This research was conducted with a group of Lower Sixth pupils studying Classical Civilisation at AS. As part of their revision of overriding themes in Homer’s Iliad the pupils were asked to choose a video clip, no more than four minutes in length, to demonstrate a particular theme. The pupils were given the freedom to choose their own clips, which did not have to be from Classical sources. For example, the range of sources for clips included Lord of the Rings, Titanic and television adverts.
The pupils then presented their clips to each other in class, and each clip was used a discussion starter on the theme in question. Pupils were invited to share their thoughts on the clips chosen and to say what parts of the Iliad could be connected to the clip in question.
Each pupil was then interviewed individually so that they could further explain why they chose the clip which they did. They were also given the opportunity to express their views on the usage of video in the classroom currently, its strengths and weaknesses, and how they thought that its usage could be improved on in the future.
In combination with wider secondary reading on the usage of film in education, it was possible to draw several conclusions from the research:
- A non-classical clip can induce a lot more discussion and analysis than a classical one sometimes can- in particular the discussions in class seemed to be more open ended and lengthy when a non-classical clip had been shown.
- Video is a good way for pupils to share and contrast each other’s ideas and this in turn is something they view as a useful and broadening experience- the pupils showed and expressed great enthusiasm for hearing each other’s ideas and interpretations.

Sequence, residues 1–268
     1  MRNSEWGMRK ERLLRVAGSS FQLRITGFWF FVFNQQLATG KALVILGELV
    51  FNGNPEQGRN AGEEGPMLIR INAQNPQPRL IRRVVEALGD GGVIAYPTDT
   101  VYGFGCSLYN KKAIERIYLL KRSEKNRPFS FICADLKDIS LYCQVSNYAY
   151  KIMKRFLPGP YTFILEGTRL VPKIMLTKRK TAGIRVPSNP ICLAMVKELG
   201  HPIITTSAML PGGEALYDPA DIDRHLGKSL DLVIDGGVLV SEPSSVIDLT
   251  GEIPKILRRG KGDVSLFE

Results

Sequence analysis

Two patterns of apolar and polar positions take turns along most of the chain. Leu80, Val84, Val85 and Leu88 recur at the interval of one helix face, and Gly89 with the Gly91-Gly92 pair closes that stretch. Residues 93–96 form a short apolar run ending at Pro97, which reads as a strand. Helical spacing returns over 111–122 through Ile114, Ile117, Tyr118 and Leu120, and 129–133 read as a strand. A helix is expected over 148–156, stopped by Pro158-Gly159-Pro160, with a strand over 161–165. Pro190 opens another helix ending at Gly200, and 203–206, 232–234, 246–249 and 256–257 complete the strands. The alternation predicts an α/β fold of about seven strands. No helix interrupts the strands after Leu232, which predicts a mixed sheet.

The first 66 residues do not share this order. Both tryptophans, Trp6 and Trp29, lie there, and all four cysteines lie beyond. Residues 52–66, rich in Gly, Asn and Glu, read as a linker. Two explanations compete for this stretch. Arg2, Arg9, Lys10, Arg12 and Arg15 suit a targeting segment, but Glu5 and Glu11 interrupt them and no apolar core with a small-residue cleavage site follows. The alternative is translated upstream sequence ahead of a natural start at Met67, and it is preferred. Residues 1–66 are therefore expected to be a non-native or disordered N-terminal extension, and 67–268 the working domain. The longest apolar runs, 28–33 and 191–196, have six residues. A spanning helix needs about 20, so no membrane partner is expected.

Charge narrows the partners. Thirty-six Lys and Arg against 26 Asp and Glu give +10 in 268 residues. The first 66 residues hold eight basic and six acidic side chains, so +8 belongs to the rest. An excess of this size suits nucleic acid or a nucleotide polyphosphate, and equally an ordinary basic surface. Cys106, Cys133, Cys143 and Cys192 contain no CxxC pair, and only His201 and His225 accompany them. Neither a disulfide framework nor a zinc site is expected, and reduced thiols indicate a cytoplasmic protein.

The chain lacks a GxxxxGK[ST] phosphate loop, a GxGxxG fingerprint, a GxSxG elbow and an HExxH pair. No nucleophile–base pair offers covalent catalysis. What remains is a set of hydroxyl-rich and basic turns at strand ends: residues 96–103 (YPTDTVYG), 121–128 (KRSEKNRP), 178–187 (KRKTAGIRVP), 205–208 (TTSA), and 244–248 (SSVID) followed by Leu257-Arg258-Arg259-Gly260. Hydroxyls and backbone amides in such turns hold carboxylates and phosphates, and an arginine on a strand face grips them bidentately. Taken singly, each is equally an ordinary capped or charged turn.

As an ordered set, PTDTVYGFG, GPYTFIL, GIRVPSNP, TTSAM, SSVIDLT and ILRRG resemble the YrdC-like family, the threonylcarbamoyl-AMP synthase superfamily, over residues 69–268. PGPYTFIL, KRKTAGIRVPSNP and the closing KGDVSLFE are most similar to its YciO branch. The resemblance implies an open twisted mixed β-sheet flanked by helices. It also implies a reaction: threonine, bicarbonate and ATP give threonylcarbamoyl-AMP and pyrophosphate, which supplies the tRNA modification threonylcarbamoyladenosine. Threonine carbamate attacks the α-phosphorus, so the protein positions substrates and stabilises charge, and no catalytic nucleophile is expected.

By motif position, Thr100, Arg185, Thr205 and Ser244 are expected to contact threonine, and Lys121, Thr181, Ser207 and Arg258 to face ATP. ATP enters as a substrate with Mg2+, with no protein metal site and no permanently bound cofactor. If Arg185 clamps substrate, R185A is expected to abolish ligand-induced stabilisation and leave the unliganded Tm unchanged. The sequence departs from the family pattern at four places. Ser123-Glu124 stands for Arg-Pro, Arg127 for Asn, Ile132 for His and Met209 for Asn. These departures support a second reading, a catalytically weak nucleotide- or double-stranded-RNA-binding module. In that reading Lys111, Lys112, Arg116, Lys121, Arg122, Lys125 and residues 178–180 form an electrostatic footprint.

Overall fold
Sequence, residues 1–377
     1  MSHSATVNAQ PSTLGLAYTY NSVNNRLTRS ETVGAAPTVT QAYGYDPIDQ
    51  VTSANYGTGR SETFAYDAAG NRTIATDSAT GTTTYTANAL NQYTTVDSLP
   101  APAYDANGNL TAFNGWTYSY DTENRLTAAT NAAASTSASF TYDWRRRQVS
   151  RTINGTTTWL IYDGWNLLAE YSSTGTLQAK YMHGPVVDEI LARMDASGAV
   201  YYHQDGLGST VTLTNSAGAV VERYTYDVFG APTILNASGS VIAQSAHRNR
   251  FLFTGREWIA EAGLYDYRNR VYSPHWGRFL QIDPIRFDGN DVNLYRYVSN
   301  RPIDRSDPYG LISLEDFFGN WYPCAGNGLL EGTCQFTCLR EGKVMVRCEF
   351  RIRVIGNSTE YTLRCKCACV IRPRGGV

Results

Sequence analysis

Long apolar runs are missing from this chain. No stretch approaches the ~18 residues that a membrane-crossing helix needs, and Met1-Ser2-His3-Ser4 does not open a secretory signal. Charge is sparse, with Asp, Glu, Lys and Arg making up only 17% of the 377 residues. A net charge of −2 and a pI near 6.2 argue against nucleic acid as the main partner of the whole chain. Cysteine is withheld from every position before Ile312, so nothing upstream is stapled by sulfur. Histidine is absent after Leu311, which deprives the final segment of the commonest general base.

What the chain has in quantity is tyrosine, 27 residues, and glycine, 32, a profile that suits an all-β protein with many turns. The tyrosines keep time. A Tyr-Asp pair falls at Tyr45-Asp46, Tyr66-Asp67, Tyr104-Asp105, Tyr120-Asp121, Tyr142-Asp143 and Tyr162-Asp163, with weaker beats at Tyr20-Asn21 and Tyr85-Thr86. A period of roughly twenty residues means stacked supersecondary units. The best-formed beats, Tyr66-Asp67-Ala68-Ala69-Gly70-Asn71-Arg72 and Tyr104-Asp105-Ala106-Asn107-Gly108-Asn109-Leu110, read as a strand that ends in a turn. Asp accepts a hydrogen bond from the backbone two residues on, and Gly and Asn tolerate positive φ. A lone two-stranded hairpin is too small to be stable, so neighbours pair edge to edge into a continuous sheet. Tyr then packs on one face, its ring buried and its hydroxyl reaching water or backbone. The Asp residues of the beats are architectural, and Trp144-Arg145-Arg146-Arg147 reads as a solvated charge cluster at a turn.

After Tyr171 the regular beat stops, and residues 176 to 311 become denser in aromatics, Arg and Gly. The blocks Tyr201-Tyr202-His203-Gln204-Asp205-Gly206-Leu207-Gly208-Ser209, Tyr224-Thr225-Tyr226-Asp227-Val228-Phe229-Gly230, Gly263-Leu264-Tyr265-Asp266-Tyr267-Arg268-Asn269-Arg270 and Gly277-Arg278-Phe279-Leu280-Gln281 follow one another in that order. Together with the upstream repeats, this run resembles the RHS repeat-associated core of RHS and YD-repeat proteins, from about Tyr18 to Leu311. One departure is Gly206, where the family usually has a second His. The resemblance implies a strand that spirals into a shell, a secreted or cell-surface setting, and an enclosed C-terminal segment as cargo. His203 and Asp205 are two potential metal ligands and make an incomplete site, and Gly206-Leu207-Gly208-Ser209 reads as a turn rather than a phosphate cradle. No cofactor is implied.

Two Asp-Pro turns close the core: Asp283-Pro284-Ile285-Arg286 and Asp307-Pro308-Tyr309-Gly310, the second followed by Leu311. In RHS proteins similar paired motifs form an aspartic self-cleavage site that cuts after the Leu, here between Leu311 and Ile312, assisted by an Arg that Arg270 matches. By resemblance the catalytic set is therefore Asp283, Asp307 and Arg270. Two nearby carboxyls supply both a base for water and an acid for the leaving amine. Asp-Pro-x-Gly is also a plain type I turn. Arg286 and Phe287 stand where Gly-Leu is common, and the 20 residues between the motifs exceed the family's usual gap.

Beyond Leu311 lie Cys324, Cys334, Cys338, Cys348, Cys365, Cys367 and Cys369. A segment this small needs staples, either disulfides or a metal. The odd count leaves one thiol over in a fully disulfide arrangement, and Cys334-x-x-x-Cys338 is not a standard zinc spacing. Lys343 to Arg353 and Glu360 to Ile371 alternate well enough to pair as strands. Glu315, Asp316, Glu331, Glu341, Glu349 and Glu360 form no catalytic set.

- Video can be viewed as a time to switch off in class; particularly if it seems that the video is being used as a time-filler or an alternative to teaching and learning. Here pupil comments made it clear that any video should be shown only for a clear and particular educational purpose.
- Teachers and pupils can often have very different interpretations of a clip; hence it is important to keep an open mind and expect the unexpected when asking for pupils’ thoughts in response to a clip.
- Video is a particularly good way to help students memorise key episodes. This was especially true for parts of the Iliad which included ideas that were difficult to visualise, such as the gods.
- The act of choosing a video yourself means that you have a deeper understanding of the topic in question- pupils were glad for the opportunity to personalise their work.
It must be emphasised that this research is not complete or wholly indicative because of its limitations. This has been a study that has only included one class, in one subject, in one year group, and therefore could be expanded on. It may also be worth considering some areas of this topic which have not been researched, for example:
- The effect of moving images for promoting a classroom discussion as opposed to still images.
- Does the effect of watching a video differ depending on when in the lesson you watch the video OR when during the day you watch it?
- Is there an optimum length of video that keeps pupils focused while still providing sufficient stimulus to expand their knowledge and/or promote a discussion? A working theory here is that any video longer than around four minutes will need a task or worksheet alongside it to prevent pupils’ concentration from wandering.